*) This extract has been taken from the recording of a lecture by Jürgen Haizmann, Munich, on “Eschatology”.



(The basic understanding of the following interpretation forms Excursus 12 “The Creation.”)

Mr. Haizmann is quite entitled to defend his position against the advocates of allegorical hermeneutics, who think that the seven days of the account of Creation are to be symbolically understood. And he thinks that such people are denying that we here have to do with perfectly normal 24-hour days. Although it is not our intention here to speak in support of the false form of allegory, we would like to see, just the same, how these literal statements in the Bible actually look, and what sort of conclusions may be drawn from them. So let us start with the first three days of Creation:

The first day.

Gen 1,1 In the beginning God created the heavens and the earth. 1,2 The earth was formless and void, and darkness was over the surface of the deep, and the Spirit of God was moving over the surface of the waters. 1,3 Then God said, "Let there be light"; and there was light. 1,4 God saw that the light was good; and God separated the light from the darkness. 1,5 God called the light day, and the darkness He called night. And there was evening and there was morning, one day. Gen 1, 1- 5;

The second day.

Gen 1,6 Then God said, "Let there be an expanse in the midst of the waters, and let it separate the waters from the waters."1,7 God made the expanse, and separated the waters which were below the expanse from the waters which were above the expanse; and it was so. 1,8 God called the expanse heaven. And there was evening and there was morning, a second day. Gen 1, 6- 8;

The third day.

Gen 1,9 Then God said, "Let the waters below the heavens be gathered into one place, and let the dry land appear"; and it was so. 1,10 God called the dry land earth, and the gathering of the waters He called seas; and God saw that it was good. 1,11 Then God said, "Let the earth sprout vegetation: plants yielding seed, and fruit trees on the earth bearing fruit after their kind with seed in them"; and it was so. 1,12 The earth brought forth vegetation, plants yielding seed after their kind, and trees bearing fruit with seed in them, after their kind; and God saw that it was good. 1,13 There was evening and there was morning, a third day. Gen 1, 9-13;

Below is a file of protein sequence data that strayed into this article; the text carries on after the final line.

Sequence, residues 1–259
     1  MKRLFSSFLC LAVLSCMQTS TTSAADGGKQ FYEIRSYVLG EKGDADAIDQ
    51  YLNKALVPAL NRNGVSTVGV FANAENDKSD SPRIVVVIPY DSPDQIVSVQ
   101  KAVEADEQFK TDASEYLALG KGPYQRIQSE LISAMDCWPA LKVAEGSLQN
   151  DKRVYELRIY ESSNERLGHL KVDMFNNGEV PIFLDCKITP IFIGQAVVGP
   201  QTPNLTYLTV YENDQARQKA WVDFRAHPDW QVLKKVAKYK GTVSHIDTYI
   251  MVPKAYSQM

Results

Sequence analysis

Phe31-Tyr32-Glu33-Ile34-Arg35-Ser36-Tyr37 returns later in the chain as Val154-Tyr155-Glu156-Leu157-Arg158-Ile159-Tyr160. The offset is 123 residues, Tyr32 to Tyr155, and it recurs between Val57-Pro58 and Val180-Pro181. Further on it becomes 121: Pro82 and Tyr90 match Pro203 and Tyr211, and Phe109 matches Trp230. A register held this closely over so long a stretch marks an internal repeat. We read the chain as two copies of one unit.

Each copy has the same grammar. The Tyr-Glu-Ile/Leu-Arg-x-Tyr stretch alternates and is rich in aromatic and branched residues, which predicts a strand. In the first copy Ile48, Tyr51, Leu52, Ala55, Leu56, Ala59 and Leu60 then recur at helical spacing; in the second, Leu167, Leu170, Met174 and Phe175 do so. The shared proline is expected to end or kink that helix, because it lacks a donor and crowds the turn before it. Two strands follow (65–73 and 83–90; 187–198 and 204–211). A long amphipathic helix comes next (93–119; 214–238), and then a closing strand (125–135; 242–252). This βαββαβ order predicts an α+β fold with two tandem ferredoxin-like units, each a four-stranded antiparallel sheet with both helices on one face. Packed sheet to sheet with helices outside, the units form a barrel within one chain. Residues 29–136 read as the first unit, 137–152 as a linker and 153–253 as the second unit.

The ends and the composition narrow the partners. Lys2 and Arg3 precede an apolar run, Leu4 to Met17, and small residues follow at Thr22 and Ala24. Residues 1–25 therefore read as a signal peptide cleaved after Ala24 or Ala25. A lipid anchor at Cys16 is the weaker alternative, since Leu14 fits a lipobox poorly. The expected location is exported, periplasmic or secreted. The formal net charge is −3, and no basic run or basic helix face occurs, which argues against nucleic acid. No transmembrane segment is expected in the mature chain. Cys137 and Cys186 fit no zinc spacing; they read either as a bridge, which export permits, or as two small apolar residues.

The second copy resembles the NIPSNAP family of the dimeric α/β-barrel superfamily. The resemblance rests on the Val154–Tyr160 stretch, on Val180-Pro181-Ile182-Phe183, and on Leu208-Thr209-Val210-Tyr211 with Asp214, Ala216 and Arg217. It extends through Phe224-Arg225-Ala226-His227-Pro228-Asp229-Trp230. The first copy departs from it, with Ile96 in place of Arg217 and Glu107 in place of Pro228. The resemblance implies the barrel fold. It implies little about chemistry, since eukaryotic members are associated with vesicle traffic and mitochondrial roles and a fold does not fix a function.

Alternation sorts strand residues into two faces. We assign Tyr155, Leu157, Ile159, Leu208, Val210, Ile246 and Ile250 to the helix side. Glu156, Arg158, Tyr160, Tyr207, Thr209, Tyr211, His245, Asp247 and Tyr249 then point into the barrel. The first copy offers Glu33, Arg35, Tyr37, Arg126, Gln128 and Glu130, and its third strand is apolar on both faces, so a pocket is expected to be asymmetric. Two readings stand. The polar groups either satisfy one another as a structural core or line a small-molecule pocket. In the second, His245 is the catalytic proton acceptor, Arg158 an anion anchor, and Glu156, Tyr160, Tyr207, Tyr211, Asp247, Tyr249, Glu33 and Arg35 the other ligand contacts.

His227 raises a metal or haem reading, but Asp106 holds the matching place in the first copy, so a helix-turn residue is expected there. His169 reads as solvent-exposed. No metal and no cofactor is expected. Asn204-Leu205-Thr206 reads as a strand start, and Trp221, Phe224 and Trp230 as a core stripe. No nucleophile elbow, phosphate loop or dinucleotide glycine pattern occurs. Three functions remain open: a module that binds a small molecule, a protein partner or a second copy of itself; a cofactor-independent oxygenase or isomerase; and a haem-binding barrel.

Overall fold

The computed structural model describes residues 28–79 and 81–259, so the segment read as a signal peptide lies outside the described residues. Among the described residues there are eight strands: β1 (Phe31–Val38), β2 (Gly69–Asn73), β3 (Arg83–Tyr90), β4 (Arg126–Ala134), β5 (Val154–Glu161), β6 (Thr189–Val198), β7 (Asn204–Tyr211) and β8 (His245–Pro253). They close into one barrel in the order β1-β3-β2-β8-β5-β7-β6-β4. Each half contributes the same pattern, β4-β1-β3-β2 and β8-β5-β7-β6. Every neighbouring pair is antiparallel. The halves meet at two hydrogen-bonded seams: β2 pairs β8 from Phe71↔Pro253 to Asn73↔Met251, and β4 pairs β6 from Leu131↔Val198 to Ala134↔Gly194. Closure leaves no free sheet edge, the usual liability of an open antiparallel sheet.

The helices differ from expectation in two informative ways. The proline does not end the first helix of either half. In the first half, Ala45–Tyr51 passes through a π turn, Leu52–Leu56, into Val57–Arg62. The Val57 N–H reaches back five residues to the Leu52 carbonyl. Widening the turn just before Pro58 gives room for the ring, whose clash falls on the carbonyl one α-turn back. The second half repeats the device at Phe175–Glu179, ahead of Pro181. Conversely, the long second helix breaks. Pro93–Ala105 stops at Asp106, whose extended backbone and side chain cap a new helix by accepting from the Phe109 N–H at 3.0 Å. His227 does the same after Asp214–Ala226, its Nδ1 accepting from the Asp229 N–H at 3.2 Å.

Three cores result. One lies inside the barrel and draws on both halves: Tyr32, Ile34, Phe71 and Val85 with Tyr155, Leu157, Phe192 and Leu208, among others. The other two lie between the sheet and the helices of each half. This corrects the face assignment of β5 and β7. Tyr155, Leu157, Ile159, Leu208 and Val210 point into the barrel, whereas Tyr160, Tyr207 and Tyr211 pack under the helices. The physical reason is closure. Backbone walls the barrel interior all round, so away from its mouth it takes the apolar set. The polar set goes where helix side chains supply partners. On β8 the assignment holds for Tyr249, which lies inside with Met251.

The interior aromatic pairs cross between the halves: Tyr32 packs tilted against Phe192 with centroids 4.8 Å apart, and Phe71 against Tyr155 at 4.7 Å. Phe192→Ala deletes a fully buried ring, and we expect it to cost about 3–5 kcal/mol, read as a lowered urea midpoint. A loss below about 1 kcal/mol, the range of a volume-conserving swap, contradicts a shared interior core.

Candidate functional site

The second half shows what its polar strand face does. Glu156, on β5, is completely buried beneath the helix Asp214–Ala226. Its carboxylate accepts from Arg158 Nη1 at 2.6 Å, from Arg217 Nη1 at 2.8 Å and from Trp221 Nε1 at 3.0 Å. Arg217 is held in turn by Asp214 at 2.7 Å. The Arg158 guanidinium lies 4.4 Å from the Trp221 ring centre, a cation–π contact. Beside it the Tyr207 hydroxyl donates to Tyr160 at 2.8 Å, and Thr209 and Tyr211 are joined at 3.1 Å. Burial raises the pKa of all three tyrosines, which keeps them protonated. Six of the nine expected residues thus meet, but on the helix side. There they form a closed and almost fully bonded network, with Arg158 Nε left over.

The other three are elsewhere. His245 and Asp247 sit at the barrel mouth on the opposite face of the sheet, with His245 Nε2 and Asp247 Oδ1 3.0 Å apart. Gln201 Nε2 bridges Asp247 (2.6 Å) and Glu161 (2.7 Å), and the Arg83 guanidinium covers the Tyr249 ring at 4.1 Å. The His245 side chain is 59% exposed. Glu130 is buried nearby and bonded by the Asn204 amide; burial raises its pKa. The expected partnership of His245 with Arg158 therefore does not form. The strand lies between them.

So let us sum up the happenings of the first three days of Creation. The first day sees the creation of the heavens (plural) and the earth. On the second day God creates an ‘expanse’ (the Hebrew word “rakia” for “expanse” here denotes the air or the atmosphere), that is, the earthly sky around the earth. And on the third day, finally, the seas are created, the dry land appears and we see the start of the growth of the vegetable world.

Now let us consider the fourth day:

The fourth day.

Gen 1,14 Then God said, "Let there be lights in the expanse of the heavens to separate the day from the night, and let them be

for signs and for seasons and for days and years;

1,15 and let them be for lights in the expanse of the heavens to give light on the earth"; and it was so. 1,16 God made the two great lights, the greater light to govern the day, and the lesser light to govern the night; He made the stars also. 1,17 God placed them in the expanse of the heavens to give light on the earth, 1,18 and to govern the day and the night, and to separate the light from the darkness; and God saw that it was good. 1,19 There was evening and there was morning, a fourth day. Gen 1,14-19;


And here we are now confronted with a double surprise. First of all we realize that the sun - without which 24-hour days on earth would be quite impossible - was only created on the fourth day of Creation. Consequently we are told, by Scripture itself, that the “days” referred to earlier cannot possibly have been days of 24 hours. And then too, to substantiate this, we have the statement in Gen 1,14, which tells us that the sun is to serve “for signs and for seasons and for days and years”. This means, then, that those days which were given to humanity, in accordance with the will of God, to determine the seasons and the days and the years - standard earthly days, that is - could only begin when the sun was created, on the fourth day of creation. So we will only be accurate in assuming the reality of a 24-hour day on earth, with the alternation of day and night, from the fifth day of Creation on - when the first animals, fishes and birds were created.